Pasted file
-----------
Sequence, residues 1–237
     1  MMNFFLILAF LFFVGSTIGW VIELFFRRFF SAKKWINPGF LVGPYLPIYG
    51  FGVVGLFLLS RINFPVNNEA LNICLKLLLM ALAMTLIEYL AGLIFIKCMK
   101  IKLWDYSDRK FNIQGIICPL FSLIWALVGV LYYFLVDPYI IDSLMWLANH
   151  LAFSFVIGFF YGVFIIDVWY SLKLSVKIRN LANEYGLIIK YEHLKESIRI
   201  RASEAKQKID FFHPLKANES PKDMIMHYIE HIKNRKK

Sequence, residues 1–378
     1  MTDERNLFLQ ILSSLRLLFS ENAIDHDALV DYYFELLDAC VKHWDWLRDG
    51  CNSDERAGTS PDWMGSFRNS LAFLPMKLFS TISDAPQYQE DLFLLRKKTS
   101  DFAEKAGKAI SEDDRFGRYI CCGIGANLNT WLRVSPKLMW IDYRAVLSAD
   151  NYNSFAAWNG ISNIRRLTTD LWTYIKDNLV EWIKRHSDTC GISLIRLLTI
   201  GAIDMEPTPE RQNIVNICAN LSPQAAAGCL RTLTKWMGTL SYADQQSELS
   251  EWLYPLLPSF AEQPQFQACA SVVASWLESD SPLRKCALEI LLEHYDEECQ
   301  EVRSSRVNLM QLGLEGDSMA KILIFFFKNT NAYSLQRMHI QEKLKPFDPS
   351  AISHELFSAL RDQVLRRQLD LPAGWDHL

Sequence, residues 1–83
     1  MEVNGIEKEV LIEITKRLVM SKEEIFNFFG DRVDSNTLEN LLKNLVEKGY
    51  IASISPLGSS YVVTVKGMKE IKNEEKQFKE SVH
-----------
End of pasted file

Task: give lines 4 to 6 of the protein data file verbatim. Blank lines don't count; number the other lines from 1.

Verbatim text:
   101  IKLWDYSDRK FNIQGIICPL FSLIWALVGV LYYFLVDPYI IDSLMWLANH
   151  LAFSFVIGFF YGVFIIDVWY SLKLSVKIRN LANEYGLIIK YEHLKESIRI
   201  RASEAKQKID FFHPLKANES PKDMIMHYIE HIKNRKK